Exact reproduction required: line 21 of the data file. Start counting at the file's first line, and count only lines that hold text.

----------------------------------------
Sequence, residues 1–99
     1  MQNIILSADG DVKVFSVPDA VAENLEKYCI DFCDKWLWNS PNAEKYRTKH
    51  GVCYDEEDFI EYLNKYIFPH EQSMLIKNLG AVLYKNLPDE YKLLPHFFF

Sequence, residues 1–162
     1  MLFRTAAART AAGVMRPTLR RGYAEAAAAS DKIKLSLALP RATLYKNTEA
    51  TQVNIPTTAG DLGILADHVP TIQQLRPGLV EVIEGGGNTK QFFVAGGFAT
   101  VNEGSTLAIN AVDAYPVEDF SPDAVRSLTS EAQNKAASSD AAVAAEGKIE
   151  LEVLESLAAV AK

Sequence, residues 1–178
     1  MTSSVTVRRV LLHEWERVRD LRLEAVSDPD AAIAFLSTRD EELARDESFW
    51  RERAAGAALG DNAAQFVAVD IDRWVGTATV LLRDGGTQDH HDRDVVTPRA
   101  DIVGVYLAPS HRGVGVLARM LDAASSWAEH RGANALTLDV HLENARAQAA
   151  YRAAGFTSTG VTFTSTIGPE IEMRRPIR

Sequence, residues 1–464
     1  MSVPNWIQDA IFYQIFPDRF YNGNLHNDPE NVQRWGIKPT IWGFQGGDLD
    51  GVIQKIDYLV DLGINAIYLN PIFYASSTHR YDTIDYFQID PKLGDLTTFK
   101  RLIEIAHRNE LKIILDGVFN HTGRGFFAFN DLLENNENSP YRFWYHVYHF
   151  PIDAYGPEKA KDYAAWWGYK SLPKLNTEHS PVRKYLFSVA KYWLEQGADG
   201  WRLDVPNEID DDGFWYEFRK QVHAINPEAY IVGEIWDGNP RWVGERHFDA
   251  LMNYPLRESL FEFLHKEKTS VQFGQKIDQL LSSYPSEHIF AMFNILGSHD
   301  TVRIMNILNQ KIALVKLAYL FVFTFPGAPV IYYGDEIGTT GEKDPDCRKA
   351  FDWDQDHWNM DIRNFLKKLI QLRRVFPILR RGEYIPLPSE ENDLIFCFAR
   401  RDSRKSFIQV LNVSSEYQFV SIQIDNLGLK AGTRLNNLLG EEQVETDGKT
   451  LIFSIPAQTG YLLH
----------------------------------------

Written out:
   301  TVRIMNILNQ KIALVKLAYL FVFTFPGAPV IYYGDEIGTT GEKDPDCRKA